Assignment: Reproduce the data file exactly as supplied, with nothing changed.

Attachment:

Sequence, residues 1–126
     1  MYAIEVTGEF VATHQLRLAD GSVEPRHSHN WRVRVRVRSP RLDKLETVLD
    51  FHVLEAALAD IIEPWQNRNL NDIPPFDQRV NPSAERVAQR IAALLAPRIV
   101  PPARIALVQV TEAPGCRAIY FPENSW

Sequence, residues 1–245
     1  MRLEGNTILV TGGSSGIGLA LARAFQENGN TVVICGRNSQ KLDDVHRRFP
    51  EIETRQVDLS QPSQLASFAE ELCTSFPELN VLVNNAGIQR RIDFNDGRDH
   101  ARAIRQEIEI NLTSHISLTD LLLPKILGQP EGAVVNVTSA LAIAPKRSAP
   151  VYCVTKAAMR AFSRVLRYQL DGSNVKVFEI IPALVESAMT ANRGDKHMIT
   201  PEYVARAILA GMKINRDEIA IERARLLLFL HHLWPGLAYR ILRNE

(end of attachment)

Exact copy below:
Sequence, residues 1–126
     1  MYAIEVTGEF VATHQLRLAD GSVEPRHSHN WRVRVRVRSP RLDKLETVLD
    51  FHVLEAALAD IIEPWQNRNL NDIPPFDQRV NPSAERVAQR IAALLAPRIV
   101  PPARIALVQV TEAPGCRAIY FPENSW

Sequence, residues 1–245
     1  MRLEGNTILV TGGSSGIGLA LARAFQENGN TVVICGRNSQ KLDDVHRRFP
    51  EIETRQVDLS QPSQLASFAE ELCTSFPELN VLVNNAGIQR RIDFNDGRDH
   101  ARAIRQEIEI NLTSHISLTD LLLPKILGQP EGAVVNVTSA LAIAPKRSAP
   151  VYCVTKAAMR AFSRVLRYQL DGSNVKVFEI IPALVESAMT ANRGDKHMIT
   201  PEYVARAILA GMKINRDEIA IERARLLLFL HHLWPGLAYR ILRNE